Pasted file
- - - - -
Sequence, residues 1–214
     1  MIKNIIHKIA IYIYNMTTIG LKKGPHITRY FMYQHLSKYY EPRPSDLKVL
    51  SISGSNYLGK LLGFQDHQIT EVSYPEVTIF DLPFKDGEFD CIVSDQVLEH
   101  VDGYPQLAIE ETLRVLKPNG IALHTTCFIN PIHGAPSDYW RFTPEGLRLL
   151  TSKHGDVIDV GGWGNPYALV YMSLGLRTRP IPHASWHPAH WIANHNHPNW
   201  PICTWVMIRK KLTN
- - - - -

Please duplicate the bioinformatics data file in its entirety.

Sequence, residues 1–214
     1  MIKNIIHKIA IYIYNMTTIG LKKGPHITRY FMYQHLSKYY EPRPSDLKVL
    51  SISGSNYLGK LLGFQDHQIT EVSYPEVTIF DLPFKDGEFD CIVSDQVLEH
   101  VDGYPQLAIE ETLRVLKPNG IALHTTCFIN PIHGAPSDYW RFTPEGLRLL
   151  TSKHGDVIDV GGWGNPYALV YMSLGLRTRP IPHASWHPAH WIANHNHPNW
   201  PICTWVMIRK KLTN